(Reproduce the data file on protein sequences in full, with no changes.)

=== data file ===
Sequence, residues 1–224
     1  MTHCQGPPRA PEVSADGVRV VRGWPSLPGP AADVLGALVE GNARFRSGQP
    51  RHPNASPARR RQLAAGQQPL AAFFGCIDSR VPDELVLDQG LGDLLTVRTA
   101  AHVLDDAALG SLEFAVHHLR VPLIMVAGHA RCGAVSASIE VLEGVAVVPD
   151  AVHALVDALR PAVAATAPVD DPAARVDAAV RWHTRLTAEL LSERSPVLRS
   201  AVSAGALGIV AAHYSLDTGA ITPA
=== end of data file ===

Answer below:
Sequence, residues 1–224
     1  MTHCQGPPRA PEVSADGVRV VRGWPSLPGP AADVLGALVE GNARFRSGQP
    51  RHPNASPARR RQLAAGQQPL AAFFGCIDSR VPDELVLDQG LGDLLTVRTA
   101  AHVLDDAALG SLEFAVHHLR VPLIMVAGHA RCGAVSASIE VLEGVAVVPD
   151  AVHALVDALR PAVAATAPVD DPAARVDAAV RWHTRLTAEL LSERSPVLRS
   201  AVSAGALGIV AAHYSLDTGA ITPA